In the News:
Utah's Spanish Fork Has Krishna Temple

by James Roh, Utah Valley Daily Herald

Posted December 1, 2009

Caru Das conducts the First Grain Ceremony, or Anna-prasana, for Anuradha and Tyrel Memmott's daughter, Abby, at the Sri Sri Radha Krishna Temple in Spanish Fork on Friday, Nov. 20, 2009. The ceremony occurs when a child is weaned from its mother's milk and eats its first solid food.   (Photo by James Roh for the Daily Herald)

Ask any Spanish Fork resident, and they will be able to point you in the direction of one of the most unique buildings in town and possibly in the whole state. Perched on a hill just south of downtown Spanish Fork stands the Sri Sri Radha Krishna Temple. Completed in 2001, the Krishna Indian Temple certainly stands out among the surrounding rural fields.

Hare Krishna is an eastern religion that worships Krishna, a god who appeared in India about 5,000 years ago. To followers, Krishna exhibited divinity unlike anyone before, during, or since his time on earth. Krishna devotees, or Vaishnavas, spend their life studying and serving Krishna. Vaishnavas study a sacred scripture called the Bhagavad Gita.

Despite the predominant LDS faith of Utah County residents, the temple has yet to receive a negative reaction to its presence. "Most of the people that we do hear from, and see from and interact with are just incredibly neighborly, friendly, and positive about it," said Caru Das, the temple priest. "It offers diversity. It offers alternate things to do, and some alternate festivals."

The Church of Jesus Christ of Latter-day Saints has supported the temple since its inception. In fact, the church gave $25,000 to help build it. The temple was designed by Caru Das's wife, Vaibhavi Devi, and is in the Rajasthani style of architecture. Situated on a 15-acre plot, the temple features black teakwood and gold-leafed altars from India as well as marble deities carved from the quarries in Jaipur.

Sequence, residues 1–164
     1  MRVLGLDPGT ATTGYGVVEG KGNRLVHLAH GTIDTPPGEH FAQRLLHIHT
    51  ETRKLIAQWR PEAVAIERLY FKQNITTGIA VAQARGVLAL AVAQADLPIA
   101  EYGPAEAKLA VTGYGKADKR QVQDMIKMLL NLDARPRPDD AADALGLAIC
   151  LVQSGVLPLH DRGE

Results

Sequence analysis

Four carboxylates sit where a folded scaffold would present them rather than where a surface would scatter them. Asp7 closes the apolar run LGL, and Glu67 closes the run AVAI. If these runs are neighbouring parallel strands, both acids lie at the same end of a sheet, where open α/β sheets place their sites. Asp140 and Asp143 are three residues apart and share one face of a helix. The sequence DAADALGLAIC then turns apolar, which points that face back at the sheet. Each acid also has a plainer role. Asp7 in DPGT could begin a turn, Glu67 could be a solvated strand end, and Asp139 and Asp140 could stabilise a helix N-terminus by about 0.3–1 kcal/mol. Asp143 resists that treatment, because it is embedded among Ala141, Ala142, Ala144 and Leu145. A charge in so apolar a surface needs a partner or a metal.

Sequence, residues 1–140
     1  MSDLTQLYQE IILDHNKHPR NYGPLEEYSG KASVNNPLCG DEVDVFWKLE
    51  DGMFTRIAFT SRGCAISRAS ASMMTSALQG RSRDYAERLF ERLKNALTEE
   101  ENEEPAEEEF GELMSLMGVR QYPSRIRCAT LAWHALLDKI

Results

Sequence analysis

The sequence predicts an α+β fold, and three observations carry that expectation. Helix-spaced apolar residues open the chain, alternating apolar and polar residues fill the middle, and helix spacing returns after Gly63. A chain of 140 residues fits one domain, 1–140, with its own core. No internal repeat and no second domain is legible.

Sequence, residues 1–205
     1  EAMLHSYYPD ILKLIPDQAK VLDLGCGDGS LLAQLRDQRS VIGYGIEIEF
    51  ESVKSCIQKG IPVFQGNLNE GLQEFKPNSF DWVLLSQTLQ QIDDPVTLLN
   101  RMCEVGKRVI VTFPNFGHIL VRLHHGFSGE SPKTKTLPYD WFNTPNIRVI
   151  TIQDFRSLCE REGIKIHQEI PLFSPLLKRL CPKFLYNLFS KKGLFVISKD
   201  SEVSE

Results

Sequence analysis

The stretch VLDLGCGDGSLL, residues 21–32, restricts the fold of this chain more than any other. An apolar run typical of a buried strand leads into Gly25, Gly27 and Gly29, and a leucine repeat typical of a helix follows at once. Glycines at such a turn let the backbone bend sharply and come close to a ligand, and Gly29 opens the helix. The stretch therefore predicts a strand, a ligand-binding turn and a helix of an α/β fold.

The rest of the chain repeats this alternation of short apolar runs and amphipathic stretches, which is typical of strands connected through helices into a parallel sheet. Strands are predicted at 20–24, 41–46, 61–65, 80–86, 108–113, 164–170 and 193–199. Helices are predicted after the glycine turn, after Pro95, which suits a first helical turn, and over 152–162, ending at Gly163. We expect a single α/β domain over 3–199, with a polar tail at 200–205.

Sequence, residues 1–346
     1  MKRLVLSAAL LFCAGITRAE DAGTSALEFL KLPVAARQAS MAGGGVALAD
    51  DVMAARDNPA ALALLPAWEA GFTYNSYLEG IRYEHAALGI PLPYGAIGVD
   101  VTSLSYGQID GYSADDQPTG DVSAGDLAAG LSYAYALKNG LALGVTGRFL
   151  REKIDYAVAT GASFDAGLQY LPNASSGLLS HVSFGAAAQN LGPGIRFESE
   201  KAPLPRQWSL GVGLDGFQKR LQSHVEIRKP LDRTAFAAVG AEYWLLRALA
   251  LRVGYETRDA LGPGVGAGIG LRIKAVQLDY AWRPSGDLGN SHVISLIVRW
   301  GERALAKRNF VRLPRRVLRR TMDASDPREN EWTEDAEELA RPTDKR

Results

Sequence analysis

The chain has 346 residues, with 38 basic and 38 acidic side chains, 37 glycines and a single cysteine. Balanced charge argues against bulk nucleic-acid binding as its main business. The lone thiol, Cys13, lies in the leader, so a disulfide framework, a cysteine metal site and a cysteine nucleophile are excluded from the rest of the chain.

The temple has seen around 5,000 volunteers in the last ten years to help construct and maintain the building. Many of these volunteer opportunities have LDS ties, whether it be through a ward, Boy Scouts, Brigham Young University or another LDS-affiliated group. "We feel very fortunate to have landed in such a wonderfully congenial area," Caru Das said.

Caru Das, which means "servant of the most beautiful," was born in Pennsylvania and went to school in New Jersey. After graduation, he attended college in Virginia but left to join the Volunteers in Service to America (VISTA). Afterward, he traveled extensively, where he met Krishna missionaries in Australia and became heavily involved with the temple there.

In 1975, Caru Das moved to California where he worked and hosted a Krishna radio station for one hour a week. However, by the early '90s, Caru Das began looking for places to relocate so that he could spend more time on air with his radio show. One of the options was a relatively inexpensive AM station based out of Utah Valley that also came with a few acres of real estate in Spanish Fork.